The North American Securities Administrators Association said Wednesday that it plans to roll out to its state securities regulator members in April a training program they can use to help advisors and brokers identify and report potential elder financial fraud.

The securities industry program, called Senior$afe, is modeled on a program for bank and credit union tellers created by the Maine Council for Elder Abuse Prevention. NASAA plans to retool the program to fit advisors and brokers.

Judith Shaw, NASAA president and Maine securities regulator, told ThinkAdvisor on Wednesday that she helped spearhead Maine’s program, called the No Wrong Door approach, three years ago. Maine has now trained 300 bank and credit union tellers, supervisors and compliance personnel, and state agencies have received more than 50 referrals regarding potential elder financial fraud.

Close to a half dozen state securities regulators are interested in using the Senior$afe program to train advisors and brokers in their states, Shaw says.

Along with a comprehensive training guide, Senior$afe includes a consumer brochure, a quick response chart and guide to red flags of elder financial abuse, and can be customized to include local agencies and referral contacts.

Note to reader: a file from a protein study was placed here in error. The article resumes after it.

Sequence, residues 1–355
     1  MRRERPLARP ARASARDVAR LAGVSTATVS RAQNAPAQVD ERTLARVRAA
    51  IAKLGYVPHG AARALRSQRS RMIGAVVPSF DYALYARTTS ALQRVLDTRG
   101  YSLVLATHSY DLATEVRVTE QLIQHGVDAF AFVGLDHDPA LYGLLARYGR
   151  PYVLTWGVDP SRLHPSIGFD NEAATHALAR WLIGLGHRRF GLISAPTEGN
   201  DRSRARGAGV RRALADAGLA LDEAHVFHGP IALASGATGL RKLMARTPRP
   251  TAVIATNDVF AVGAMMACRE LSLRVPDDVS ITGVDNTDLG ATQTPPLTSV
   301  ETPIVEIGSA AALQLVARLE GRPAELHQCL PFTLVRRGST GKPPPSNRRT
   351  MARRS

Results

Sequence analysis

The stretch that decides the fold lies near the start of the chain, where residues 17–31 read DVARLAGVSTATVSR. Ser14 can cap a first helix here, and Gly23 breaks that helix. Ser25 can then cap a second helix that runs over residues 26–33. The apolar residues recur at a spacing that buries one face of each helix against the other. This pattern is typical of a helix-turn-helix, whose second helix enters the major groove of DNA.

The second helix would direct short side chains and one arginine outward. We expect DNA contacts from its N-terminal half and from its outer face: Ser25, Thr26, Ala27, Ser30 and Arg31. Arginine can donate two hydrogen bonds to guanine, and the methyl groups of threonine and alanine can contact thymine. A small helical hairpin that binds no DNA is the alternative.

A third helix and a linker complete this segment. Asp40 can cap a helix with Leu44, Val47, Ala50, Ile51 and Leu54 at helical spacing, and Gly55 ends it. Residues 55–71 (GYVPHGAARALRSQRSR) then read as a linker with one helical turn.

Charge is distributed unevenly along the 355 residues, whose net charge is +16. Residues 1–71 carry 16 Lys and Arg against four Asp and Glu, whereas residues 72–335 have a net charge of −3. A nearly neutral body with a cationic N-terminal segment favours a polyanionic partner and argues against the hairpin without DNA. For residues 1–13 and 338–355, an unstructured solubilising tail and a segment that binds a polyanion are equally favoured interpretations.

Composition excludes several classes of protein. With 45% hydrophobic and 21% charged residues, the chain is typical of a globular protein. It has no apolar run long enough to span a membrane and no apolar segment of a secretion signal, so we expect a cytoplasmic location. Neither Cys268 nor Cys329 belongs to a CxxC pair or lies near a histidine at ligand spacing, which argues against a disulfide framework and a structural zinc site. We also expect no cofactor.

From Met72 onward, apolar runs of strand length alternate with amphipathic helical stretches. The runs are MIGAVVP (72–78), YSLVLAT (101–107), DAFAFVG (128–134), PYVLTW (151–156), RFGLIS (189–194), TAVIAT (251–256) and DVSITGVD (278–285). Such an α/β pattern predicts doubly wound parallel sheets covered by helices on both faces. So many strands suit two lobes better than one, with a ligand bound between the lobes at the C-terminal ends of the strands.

Shaw says the program helps advisors and brokers spot red flags, like behavioral changes such as lack of grooming, sadness or unusual account activity. Advisors and brokers should be leery if an elderly client says they “aren’t able to pay for fuel,” they start bouncing checks, or they start asking for large wire transfers.

The second component offers a guide to internal reporting channels as well as outside resources like Adult Protective Services, law enforcement and other agencies on aging, including domestic violence resources. The collective resources provide advisors’ and brokers’ clients with a “community-based safety net,” Shaw says.

She says she’s made fighting elder financial fraud “front and center” during her presidency.

In early February, NASAA’s membership voted to adopt a model act designed to protect vulnerable adults from financial exploitation, including allowing broker-dealers or advisors to impose an initial delay of disbursements from an account of an eligible adult for up to 15 business days if financial exploitation is suspected.